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Exam 4 Study Guide

by: Morgan Deal

Exam 4 Study Guide 301

Morgan Deal
GPA 3.9
Ecology and Evolution
Dr. April South

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About this Document

This is the study guide for exam 4. It's based off of the detailed outline that Dr. South provided and includes some information from the book. I hope this is helpful!
Ecology and Evolution
Dr. April South
Study Guide
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This page Study Guide was uploaded by Morgan Deal on Wednesday November 18, 2015. The Study Guide belongs to 301 at University of South Carolina taught by Dr. April South in Summer 2015. Since its upload, it has received 54 views. For similar materials see Ecology and Evolution in Biology at University of South Carolina.


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Date Created: 11/18/15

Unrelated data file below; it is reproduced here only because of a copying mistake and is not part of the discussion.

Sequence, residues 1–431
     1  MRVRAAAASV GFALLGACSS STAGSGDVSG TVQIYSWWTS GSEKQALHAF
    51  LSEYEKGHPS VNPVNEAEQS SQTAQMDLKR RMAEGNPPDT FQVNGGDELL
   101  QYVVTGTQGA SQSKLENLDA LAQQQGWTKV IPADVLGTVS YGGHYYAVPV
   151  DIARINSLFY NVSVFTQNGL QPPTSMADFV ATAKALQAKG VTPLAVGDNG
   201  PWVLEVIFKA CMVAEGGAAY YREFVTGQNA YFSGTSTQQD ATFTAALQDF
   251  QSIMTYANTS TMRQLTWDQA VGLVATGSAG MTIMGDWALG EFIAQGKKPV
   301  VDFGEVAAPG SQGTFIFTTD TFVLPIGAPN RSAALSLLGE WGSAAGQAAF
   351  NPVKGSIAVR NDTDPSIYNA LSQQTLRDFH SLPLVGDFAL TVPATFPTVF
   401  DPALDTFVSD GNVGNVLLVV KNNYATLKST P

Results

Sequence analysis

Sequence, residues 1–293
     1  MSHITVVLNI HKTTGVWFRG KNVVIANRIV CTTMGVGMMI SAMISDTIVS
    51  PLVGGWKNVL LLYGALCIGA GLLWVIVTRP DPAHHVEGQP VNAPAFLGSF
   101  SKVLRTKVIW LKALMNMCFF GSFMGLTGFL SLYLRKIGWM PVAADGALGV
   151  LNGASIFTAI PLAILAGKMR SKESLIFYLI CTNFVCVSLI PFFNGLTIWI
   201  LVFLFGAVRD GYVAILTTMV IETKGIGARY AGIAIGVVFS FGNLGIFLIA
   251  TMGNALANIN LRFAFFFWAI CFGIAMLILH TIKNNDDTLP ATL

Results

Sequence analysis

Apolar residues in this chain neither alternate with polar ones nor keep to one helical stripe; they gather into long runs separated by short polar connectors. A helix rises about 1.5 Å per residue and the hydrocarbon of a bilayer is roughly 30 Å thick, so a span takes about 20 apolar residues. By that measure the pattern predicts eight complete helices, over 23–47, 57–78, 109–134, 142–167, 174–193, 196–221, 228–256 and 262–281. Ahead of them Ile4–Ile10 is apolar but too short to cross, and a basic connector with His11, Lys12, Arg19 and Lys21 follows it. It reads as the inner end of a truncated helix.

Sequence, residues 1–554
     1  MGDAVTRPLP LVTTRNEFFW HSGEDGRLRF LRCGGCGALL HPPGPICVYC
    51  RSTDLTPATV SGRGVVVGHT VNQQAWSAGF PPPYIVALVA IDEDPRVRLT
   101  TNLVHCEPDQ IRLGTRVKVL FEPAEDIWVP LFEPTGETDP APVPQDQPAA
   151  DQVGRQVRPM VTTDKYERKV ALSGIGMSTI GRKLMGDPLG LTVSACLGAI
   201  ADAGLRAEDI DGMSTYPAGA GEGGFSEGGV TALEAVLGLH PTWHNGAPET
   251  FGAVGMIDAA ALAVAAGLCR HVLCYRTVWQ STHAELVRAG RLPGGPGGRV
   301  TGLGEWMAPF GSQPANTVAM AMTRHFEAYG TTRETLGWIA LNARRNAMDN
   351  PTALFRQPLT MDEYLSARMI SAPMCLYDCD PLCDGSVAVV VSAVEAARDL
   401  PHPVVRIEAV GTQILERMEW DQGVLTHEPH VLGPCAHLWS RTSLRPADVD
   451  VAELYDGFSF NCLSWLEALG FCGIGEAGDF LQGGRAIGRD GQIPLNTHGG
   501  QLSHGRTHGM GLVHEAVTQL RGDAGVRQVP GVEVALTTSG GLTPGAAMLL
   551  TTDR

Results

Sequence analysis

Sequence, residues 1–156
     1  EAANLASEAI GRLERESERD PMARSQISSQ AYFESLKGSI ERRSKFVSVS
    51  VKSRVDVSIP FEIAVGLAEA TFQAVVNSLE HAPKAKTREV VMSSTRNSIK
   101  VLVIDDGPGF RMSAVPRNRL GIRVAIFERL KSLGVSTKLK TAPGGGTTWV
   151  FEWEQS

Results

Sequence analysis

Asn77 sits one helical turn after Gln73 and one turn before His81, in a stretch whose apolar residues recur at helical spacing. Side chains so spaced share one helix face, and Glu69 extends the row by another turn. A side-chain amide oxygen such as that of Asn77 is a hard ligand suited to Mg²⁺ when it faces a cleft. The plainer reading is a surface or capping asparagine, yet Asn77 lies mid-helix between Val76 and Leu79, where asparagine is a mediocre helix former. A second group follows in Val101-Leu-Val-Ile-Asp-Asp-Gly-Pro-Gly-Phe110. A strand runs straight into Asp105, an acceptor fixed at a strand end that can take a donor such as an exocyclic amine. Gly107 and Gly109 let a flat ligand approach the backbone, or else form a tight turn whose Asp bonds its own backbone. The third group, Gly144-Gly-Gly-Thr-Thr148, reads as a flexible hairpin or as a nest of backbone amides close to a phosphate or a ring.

EXAM 4 STUDY GUIDE Chapter 17 Mutualisms Types of mutualisms o Generalists 1 species interacts with many others 0 Specialists 1 species interacts with 1 or a few other closely related species 0 Obligate mutualists 2 species give each other tness bene ts and cannot survive without each other 0 Facultative mutualists 2 species bene t each other but mutualism isn t necessary for survival 0 Mutualisms in plants plants give mycorrhizal fungi products of photosynthesis in exchange for help obtaining nutrients and water 0 Animal mutualisms Gut bacteria help many animals especially humans with digestion Shrimp and goby sh shrimp let sh share their burrow in exchange for warnings of predators from the sh 0 In defense 0 Plants acacia trees provide a habitat for ants while the ants destroy herbivores and competitors for the tree Endophytic fungi help protect from herbivores and increase drought resistance 0 Animals wrasse sh consume parasites on larger sh 0 Pollination many animals feed on the pollen and nectar of plants 0 The animal gets covered in pollen while feeding o Pollen is then distributed later 0 Very speci c mutualism cactus owers are pollinated by bats and have evolved to only open at night for these bats Dispersal many animals eat seeds which pass through the digestive tract unharmed or are carried to other locations to germinate o Ending mutualistic relationships if 1 individual stops bene tting from a mutualistic relationship it turns into predation herbivory or parasitism o Cheating when 1 animal continues to bene t from the relationship without contributing anything in return Favored by natural selection Defenses against cheating also favored by natural selection 0 Effects on communities 0 Species distributions disruption of mutualisms can alter species distribution 0 Communities Altering species diversity removing an organism in a mutualistic relationship can cause a decline in the other species abundance and diversity Chain of reactions mutualistic relationships can affect the community at large not just the participating species 0 Ecosystem functions mutualistic relationships have important roles in helping producers take in nutrients and can increase biomass Chapter 18 Community Structure 0 Community boundaries species composition changes due to changes in what each species can tolerate and their competitive ability 0 Categorizing communities both terrestrial and aquatic communities are characterized by dominant organisms and physical conditionscharacteristics o Ecotone boundary created by sharp changes over short distances accompanied by change in species composition 0 Community diversity 0 Interdependence v independence lnterdependence species depend on each other to exist lndependence species do not depend on each other for survival Which is occurring 0 Use of linetransect surveys Remove speculated interdependent species and observe effects 0 Patterns of species abundance Species richness number of species existing in a community Relative abundance proportion of individuals in a community represented by a species Lognormal distribution bell curve with a log scale on the xaxis Rankabundance curves plots relative abundance of each species in rank order from most to least abundant Species evenness compares relative abundance of each species in community 0 Quantifying community diversity 1 Simpson s index it 1 1 S Shannon s index H Zpilnpi i1 5 species richness Pi relative abundance of each species in decimal form 0 What affects species diversity 0 Resources wide range of patterns between availability of resources and species richness positive negative none u shaped humpshaped Park grass experiment added fertility decreases species richness of plants possibly because it encourages the growth of a few dominant species 0 Habitat diversity communities with high habitat diversity typically have high species richness due to a wider range of potential niches 0 Keystone species species that substantially affects community structure removal could cause community collapse Ecosystem engineers keystone species that in uences habitat structure 0 Intermediate disturbance hypothesis species richness is highest when disturbances happen occasionally Communities with infrequent or very frequent disturbances experience low species richness Food web organization 0 Trophic levels level in food chainweb Primary consumer eats producers Secondary consumer eats primary consumers Tertiary consumer eats secondary consumers o Bottomup effects activities of producers control the abundance of the trophic levels 0 Topdown effects activities of predators control trophic level abundance Community response to disturbance 0 Community stability ability of community to maintain a particular structure 0 Community resistance amount that a community changes when experiencing a disturbance 0 Community resilience time taken for a community to return to its original state after experiencing a disturbance 0 Alternative stable states when a community experiences such a large disturbance that species composition changes and the new community structure is resistant to change Chapter 19 Community Succession 0 Important terminology o Succession species composition of a community changes over time can take weeks months or centuries 0 Pioneer species earliest species to arrive after a disturbance able to disperse long distances 0 Climax community nal stage in succession typically characterized by dominant organisms still subject to change 0 Chronosequence sequence of communities existing over time at a speci c location Observing succession 0 Direct observation is the clearest way to observe however it is not always feasible 0 Indirect observation Examine regional communities that began succession at different times Look at pollen in sediment layers and carbon date it Mechanisms of succession o Terrestrial environments Primary succession habitats initially devoid of plantssoil are colonized by species that require no soil ie moss these early colonizers produce organic matter to generate more hospitable conditions for other organisms Secondary succession disturbed habitat still contains soil but no plants soil contains plant matter allowing for rapid regrowth Sequence of seral stages is variable but can result in the same climax community differences in historic abiotic conditions soil fertility and disturbances can cause variation in chronosequence 0 Animal succession because changes in plant life cause signi cant habitat change succession of plants is usually focused on when studying succession of animals 0 Intertidal communities short generation time of dominant species causes rapid succession o Streams rapid succession organisms move downstream from less disturbed areas or come from outside the ecosystem allochthonous o Ponds and lakes Models suggest slow succession Studies suggest that succession happens in occasional large bursts depending on conditions 0 Changes in species diversity species richness is close to 0 after a disturbance that eliminates most of the species Species richness increases rapidly at rst then plateaus followed by a small decrease during succession o Quantifying community similarity Jaccard s index O O x abx X number of species present in both communities A number of species present ONLY in community A B number of species present ONLY in community B Traits of species In early succession species grow faster reproduce more disperse easily and are more tolerant to harsh conditions In later stages of succession species grow slower reproduce less do not disperse as easily but are better at competing Mechanisms Facilitation 1 species increases the probability of a second species becoming established lnhibition 1 species decreases the probability that another species will become established 0 Competition predation or parasitism Priority e ect arrival of a species affects later colonization of another species Tolerance probability of one species being established depends on dispersal ability and ability to persist in the environment Climax communities still subject to change 0 O O O 0 Environmental conditions change Organisms increase in size Early stages abiotic conditions are rapidly altered Once community contains the largest organisms it can sustain environmental changes more slowly Spatial changes variations in species composition as one moves along environmental gradients Gaps small scale disturbances that allow the growth of non dominant species Transient climax communities not persistent site is frequently disturbed Firemaintained climax community nal stage sustained due to periodic res Grazermaintained climax community nal stage of succession sustained by intense grazing